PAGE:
Chrissy Teigen Announces 'Decision' to Have a Boy. You Know, Like Picking a Designer Bag.

I will admit readily that I have no idea who Chrissy Teigen and John Legend are. When someone suggested I write about them, my first response was, “Who?” I’ve reached the age where I no longer can retain the names or identities of anyone younger than Brad Pitt, and I no longer care to. But when I read the gushing article in People about Teigen and Legend planning to have another designer, in vitro fertilization (IFV) baby, I had to pause.

During a red carpet interview with Entertainment Tonight at the 28th Annual Producers Guild Awards on Saturday night, Chrissy Teigen laughed when asked about having more kids with John Legend.

“A little boy is next, for sure,” she said with a smile.

Teigen, 31, and her husband Legend, 38, share daughter Luna, 9½ months, who was conceived with the help of in vitro fertilization.

I still don’t care who they are, but the idea of implanting their boy child (because that’s the embryo they have left, as Teigen noted in a tweet after the interview) struck me as incredibly sad. While I am empathetic to people with fertility issues who seek to use IVF in order to have a family, the process has become overused among the rich for convenience. One in thirty embryos ever make it into the world, while the rest are discarded like garbage. There are serious philosophical and moral questions that should be asked and answered when addressing issues of life and death—and who holds the keys. These are critical issues,  yet People is reporting this like we are talking about what designer bag some trendy person is carrying down a runway.

Last year, Teigen shared the couple’s decision to have a girl exclusively with PEOPLE.

“I’ve made this decision. Not only am I having a girl, but I picked the girl from her little embryo,” she said. “I picked her and was like, ‘Let’s put in the girl.’”

These are human souls we are talking about. Who were the ones that were not picked? What happened to them? I don’t know what this couple’s situation is or why they need IVF, if at all, and I hope they’ve carefully weighed the moral implications of this method. Most of the time in vitro fertilization starts with four or five healthy embryos that are “selectively reduced,” even if they are healthy, to cut down on the number of children born. This is, of course, abortion. Is it justifiable to kill two of your children so you can have just one child at a time? How do you choose which one gets to live and which one has to die? Is that a choice we should be making?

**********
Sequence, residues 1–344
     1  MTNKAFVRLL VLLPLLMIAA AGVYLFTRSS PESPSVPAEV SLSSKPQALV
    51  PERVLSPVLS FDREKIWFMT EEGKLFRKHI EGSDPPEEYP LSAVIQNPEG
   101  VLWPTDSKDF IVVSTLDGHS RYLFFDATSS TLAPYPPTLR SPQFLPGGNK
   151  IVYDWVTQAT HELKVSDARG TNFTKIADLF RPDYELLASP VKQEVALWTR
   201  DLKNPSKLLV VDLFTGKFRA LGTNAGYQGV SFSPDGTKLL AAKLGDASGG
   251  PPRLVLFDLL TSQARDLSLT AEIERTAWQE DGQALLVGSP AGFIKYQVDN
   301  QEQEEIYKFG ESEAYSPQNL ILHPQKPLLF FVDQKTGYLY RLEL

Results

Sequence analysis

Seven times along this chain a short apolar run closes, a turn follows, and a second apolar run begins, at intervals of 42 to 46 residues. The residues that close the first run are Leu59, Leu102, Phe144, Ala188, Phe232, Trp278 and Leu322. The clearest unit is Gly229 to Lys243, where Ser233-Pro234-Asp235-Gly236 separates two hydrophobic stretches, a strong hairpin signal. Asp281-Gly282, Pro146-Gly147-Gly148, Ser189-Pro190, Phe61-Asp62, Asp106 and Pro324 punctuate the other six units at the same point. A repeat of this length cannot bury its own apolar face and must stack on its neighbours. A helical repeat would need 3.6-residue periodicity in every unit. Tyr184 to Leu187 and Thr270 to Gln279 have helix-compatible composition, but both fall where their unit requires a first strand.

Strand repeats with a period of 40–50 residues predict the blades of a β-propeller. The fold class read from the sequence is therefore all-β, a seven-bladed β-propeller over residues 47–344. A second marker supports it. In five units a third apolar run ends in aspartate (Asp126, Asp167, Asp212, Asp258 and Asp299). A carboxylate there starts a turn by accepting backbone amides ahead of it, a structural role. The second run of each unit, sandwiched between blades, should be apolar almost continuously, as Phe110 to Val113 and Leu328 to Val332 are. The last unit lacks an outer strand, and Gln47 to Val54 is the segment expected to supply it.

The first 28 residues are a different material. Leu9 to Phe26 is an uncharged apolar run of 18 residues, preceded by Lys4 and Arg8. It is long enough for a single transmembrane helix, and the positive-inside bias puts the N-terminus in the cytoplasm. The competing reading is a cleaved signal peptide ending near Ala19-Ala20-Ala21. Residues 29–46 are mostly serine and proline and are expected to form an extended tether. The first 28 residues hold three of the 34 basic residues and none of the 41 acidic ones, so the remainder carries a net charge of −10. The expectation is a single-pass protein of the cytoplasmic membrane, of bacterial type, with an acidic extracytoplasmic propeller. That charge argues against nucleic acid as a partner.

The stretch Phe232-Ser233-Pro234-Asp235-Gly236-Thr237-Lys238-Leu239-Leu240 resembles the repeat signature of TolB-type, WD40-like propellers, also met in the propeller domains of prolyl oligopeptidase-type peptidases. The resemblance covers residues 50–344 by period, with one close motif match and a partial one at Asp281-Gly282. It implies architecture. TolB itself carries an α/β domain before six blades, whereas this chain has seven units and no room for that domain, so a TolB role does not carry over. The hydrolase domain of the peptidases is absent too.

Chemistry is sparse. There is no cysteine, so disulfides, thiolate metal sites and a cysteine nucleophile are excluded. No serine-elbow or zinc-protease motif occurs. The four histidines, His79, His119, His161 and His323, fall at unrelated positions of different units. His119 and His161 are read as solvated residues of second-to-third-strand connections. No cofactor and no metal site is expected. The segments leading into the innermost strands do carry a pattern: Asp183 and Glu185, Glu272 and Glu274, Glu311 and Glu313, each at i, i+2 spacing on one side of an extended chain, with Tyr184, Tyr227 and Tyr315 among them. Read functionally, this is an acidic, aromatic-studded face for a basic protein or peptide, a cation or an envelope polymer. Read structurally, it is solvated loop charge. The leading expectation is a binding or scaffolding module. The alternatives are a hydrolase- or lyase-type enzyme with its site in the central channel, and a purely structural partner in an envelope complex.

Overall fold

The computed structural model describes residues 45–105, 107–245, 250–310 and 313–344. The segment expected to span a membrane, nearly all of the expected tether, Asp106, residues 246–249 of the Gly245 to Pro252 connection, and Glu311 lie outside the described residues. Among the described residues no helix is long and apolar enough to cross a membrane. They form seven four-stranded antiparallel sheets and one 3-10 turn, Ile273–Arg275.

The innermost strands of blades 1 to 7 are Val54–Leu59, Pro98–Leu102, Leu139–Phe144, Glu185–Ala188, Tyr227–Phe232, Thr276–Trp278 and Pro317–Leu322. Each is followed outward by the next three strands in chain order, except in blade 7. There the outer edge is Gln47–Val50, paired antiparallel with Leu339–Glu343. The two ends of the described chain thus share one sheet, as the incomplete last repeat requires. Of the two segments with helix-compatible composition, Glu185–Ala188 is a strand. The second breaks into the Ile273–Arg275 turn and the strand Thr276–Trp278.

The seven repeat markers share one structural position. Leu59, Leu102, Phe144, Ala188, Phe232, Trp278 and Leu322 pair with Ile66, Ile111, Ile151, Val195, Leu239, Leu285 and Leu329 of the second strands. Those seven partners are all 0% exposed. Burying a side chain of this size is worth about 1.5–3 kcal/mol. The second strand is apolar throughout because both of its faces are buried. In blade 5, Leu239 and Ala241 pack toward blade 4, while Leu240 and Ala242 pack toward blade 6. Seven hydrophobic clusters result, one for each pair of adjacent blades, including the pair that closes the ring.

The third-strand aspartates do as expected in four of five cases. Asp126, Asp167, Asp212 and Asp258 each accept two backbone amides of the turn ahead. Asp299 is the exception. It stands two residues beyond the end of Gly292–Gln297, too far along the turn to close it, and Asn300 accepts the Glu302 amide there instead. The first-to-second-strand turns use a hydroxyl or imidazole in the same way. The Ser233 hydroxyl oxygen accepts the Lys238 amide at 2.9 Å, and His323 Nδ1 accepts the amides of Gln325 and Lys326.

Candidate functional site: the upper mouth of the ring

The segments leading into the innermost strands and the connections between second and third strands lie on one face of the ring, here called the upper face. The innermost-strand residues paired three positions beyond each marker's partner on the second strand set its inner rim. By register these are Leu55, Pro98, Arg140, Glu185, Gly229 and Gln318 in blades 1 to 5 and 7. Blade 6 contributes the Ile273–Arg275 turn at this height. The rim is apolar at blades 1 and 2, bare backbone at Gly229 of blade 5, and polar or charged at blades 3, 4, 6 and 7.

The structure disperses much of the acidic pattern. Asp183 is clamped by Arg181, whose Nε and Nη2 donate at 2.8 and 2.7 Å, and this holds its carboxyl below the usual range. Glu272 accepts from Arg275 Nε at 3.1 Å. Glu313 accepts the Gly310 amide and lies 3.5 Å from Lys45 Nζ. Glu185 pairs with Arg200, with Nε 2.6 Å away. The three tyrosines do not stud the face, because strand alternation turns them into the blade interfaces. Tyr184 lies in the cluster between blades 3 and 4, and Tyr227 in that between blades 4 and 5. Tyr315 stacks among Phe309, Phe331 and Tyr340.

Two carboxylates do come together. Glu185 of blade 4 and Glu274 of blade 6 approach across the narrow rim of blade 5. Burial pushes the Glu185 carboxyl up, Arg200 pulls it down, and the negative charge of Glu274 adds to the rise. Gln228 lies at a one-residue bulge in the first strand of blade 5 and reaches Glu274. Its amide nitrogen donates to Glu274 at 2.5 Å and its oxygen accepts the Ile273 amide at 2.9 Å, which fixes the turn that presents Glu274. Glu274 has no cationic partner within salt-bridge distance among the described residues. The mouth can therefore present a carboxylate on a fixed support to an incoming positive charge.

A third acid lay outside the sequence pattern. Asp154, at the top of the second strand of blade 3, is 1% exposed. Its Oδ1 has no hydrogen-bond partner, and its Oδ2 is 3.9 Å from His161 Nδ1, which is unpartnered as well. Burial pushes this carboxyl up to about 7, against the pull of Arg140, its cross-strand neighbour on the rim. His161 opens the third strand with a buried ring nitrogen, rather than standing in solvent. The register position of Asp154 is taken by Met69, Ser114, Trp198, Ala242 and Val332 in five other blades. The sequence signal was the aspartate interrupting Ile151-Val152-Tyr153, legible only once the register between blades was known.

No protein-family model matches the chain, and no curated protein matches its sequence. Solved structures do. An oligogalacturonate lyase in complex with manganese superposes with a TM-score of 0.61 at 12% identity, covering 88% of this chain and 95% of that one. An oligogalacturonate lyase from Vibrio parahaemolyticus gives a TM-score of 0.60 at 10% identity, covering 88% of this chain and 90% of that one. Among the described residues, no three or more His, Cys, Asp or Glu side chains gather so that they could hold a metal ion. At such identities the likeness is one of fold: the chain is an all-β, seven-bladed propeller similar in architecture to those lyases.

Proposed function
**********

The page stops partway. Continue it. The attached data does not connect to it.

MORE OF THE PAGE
Some people feel that the usual in vitro method requires unacceptable loss. I spoke with a reader who told me she and her husband only allowed two embryos to be created and inserted and they would accept both if they took. Their doctor tried several times to encourage them to implant more and then abort the unwanted embryos, but their sense of humanity wouldn’t allow it. Unfortunately, one baby died in utero at around five months, and the other died three months after birth, suffering an unforeseen fatal heart condition. A story like theirs makes the flippancy of starlets even harder to stomach.

Another article which touched on related, but slightly different, life issues surfaced on my Facebook feed from a friend I know who was raised by bisexual and pedophile parents who abused her. She is an advocate for the children of homosexuals who have not been heard when they have told disturbing stories. The article, published in The Federalist, “Don’t Ignore The Chid’s Perspective On Gay Couples Commissioning Babies,” has some heartbreaking details from the children of surrogate procedures.

…purchasing eggs and employing a surrogate costs $100,000- $200,000. Many children born via sperm and egg donation are troubled that money exchanged hands over their conception, no matter how little. I heard one adult child painfully remark “My father (sperm donor) was paid $75 to stay out of my life forever.”

It seems we have come to a place where children are only tools, used by adults to fulfill themselves in some way. No one seems to spend time thinking about what the children might want. We saw it in the Women’s March, with the women demanding that children not inconvenience them until they want them—and then they might want to abort for sex selection or raise their girl as a boy, because “diversity!” We see it in the callous experimentation with human and pig hybrids grown for the hope of spare parts to better the lives of sick people who are fortunate enough to already be born. We see it in Planned Parenthood’s sale of aborted fetal hearts, lungs and intact heads for cold, hard cash.

This is a crossroads that has serious implications for humanity. Those of us on the side of life and liberty need to stand up and ask the hard questions and encourage those around us to value life in all stages because reducing some lives to dollars and cents, status or accessories can’t end well for us and certainly can’t end well for the children stuck in the middle.